Posts Tagged MacBook
In his first novel, Nausea, Jean-Paul Sartre describes how inanimate objects can stifle the growth of an individual’s identity. Of course, anyone with a large amount of possessions knows that these objects can become overwhelming in a physical, as well as an existential, way.
Consumerism is an important part of modern society, but eventually people start running out of places to put things. That explains why so many people flock to minimal devices like iPods and Kindles to store their collections of music and books. However, what they may really be doing is creating nausea in a new medium.
My original iPod still works perfectly, despite being several years old, yet I had to trade it for a newer one because it ran out of space. As soon as I got the new one, I gathered my CDs for an upload session, only to realize that, loaded with music, photos, and other files, my computer itself was running out of space.
Of course, there are devices with more storage space. I could always upgrade further to an iPod Classic, which has 160 GB of space, and a new Macbook Pro with up to 750 GB, just as an example.
If that’s not enough, there’s always the Cloud. Internet companies have massive buildings full of red hot servers that can store a lifetime’s worth of data.
Still, I wonder if that would just prolong the inevitable. Like cars on a new stretch of freeway, stuff has a tendency to fill any vacuum. Empty space just isn’t useful, even if it is a good insurance policy.
In “Billenium,” a dystopian fiction story by J.G. Ballard, two people in an overcrowded future discover a hidden room. In a world where living space is dolled out four square meters at a time, this normal-sized room is a treasure… Until the discoverers invite more and more people and the open space disappears.
People seem to do the same thing with their purchases, especially when music is just a click away and only $0.99 per song. But what happens when we can’t cram any more entertainment into these tiny containers?
Each individual needs to decide when the line between collector and hoarder, or between functional human being and sufferer of nausea, has been crossed. It’s just important to remember that everything, even in digital form, takes up space.
Our future selves may laugh at bookshelves and CD cases, but that future will be built on a trail of discarded devices and new server nests. We spend a lot of time in the digital universe, but we still exist in the physical one.
Ben Franklin famously said that there are only two certainties in life: death and taxes. Over 200 years later, it’s still impossible to cheat death, but not taxes. The New York Times recently published an expose on how Apple and other tech companies use perfectly legal loopholes to finagle their way out of paying state and federal taxes. Apple uses subsidiaries in states (Nevada) and countries (Luxembourg) with more favorable tax rates in order to hang on to as much cash as possible.
Apple isn’t the first American company to be accused of cheating on its taxes, but that doesn’t explain why. Apple wants to maximize profits like any other company, but it also has a reputation for good citizenship. Doesn’t being a good citizen include paying taxes?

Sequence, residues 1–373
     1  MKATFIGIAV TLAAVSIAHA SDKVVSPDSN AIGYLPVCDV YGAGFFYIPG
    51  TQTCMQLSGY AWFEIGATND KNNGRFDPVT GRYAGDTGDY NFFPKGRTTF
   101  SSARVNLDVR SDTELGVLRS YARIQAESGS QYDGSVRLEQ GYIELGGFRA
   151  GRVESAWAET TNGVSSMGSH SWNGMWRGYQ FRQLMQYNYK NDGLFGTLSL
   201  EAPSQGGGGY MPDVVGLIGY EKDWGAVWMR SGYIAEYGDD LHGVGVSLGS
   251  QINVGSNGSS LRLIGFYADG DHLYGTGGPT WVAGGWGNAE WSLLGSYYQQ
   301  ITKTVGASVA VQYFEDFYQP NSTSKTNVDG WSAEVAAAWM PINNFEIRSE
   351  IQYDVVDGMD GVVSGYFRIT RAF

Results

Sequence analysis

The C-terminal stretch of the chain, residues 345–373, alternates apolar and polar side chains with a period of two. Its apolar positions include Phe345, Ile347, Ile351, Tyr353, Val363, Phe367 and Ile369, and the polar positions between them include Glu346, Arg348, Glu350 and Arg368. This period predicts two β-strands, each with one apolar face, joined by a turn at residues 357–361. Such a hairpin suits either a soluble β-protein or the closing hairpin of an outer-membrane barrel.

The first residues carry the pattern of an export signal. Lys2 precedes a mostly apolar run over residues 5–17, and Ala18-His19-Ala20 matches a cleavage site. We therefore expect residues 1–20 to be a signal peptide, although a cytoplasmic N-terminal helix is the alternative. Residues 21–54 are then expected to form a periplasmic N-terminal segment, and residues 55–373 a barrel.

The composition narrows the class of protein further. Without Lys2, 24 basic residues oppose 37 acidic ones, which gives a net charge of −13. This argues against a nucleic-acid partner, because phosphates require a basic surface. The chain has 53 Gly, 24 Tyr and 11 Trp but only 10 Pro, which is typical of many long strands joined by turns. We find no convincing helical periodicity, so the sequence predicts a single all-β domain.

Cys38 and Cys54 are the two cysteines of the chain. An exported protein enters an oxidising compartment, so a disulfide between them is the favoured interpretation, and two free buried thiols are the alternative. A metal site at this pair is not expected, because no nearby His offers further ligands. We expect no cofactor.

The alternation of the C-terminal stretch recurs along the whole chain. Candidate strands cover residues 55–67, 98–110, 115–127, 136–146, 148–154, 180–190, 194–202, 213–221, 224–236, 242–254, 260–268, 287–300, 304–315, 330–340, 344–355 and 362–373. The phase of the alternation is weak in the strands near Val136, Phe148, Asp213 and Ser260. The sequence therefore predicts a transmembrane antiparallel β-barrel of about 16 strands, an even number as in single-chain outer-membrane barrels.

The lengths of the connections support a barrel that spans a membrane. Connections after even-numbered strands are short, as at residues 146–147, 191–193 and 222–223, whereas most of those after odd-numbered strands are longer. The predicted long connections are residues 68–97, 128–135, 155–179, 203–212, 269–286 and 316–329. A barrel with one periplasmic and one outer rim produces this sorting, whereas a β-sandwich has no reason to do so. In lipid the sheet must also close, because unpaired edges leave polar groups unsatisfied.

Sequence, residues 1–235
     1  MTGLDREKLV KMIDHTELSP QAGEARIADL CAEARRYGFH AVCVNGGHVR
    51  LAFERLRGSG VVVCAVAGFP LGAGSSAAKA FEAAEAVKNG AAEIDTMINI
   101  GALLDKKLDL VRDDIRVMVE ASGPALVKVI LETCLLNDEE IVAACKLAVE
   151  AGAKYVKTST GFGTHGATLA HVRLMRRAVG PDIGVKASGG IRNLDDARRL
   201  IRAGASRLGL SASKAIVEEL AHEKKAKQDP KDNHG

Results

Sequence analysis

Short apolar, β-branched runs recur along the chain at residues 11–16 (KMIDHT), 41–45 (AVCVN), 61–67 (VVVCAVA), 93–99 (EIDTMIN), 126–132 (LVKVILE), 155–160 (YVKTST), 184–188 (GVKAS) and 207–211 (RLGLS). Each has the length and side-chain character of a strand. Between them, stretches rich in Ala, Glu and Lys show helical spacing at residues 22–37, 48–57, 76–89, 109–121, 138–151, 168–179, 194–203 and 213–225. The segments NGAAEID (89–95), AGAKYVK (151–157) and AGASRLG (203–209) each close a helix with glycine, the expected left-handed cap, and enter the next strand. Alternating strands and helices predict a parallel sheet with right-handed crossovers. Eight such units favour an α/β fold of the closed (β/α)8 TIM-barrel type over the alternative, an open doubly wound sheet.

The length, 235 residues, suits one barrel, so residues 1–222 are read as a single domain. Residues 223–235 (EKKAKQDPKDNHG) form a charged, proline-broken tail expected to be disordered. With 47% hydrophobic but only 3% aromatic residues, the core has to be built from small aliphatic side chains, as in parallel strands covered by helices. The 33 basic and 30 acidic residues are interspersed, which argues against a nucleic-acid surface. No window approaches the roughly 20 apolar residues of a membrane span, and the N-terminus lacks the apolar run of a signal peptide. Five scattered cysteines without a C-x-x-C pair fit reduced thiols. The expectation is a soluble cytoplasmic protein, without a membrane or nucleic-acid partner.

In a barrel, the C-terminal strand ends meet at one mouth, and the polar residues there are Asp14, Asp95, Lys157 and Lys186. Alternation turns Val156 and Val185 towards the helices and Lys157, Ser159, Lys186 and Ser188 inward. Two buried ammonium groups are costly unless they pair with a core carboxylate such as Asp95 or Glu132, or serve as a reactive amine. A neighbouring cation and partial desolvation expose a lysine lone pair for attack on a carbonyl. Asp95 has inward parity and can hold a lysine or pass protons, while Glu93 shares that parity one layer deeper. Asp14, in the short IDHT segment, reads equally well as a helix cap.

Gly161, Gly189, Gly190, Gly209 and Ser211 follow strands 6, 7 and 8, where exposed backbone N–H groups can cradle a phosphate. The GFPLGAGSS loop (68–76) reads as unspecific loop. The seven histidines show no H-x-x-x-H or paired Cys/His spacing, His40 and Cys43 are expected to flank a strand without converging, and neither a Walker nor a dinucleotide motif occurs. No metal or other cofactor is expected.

In a statement, Apple noted that it gives a significant portion of its untaxed profits to charitable organizations. “We have contributed to many charitable causes but have never sought recognition for doing so,” the company said, “Our focus has been on doing the right thing, not on getting credit for it.” Over the past two years, Apple has donated $50 million to Stanford University, another $50 million to an African aid organization, and started a matching donation program for employees.
If Apple is willing to give freely to charity, why does it squirm at the thought of paying taxes, which fund the same good works. Taxes take away from a company’s profits, but so do donations. At least taxes pay for the infrastructure required to keep a company in business and, you know, keep it in compliance with the law.
Some people believe that, by headquartering itself in California, Apple has “done enough.” The company does not need to pay more taxes, because paying some is better than paying none. If we were still talking about charity, that would make sense; you can’t force an organization to donate a certain amount of money to African aid.
However, taxes are a legal, not a moral, issue. For both individuals and companies, being in the United States means paying taxes. The amount is determined by a duly-elected representative government. Apple needs to pay its fair share, because otherwise everyone else will have to pay more than their fair share. Paying the correct amount of taxes is not optional, at least not for most people.
Companies may hate to part with cash, but taxes benefit them in other ways. The government programs funded by taxes make our society work. How can we help people in Africa if we can’t even maintain streets in Worcester, Massachusetts?
It’s a point that often goes unnoticed in our modern society of corporate worship. Yes, Apple gives us amazing technology that makes our lives easier. It also creates jobs and pays some taxes. Still, Apple needs the United States as much as the U.S. needs Apple. Steve Jobs gave his customers personal computers, and his customers made him rich. He took advantage of America’s entrepreneurial spirit, and rich economy, to found a company. Would things have worked out as well if Jobs was born in Russia?
I’m a huge fan of Apple products (this piece was written on an Apple computer), and I’d like to think that there is more than sheer greed behind the company’s actions. Apple said it just wants to do the right thing, regardless of public recognition. Not dodging taxes is definitely the right thing to do. If Apple continues to scrimp, it may getting some unwelcome publicity, and not the kind that includes awards and pats on the back.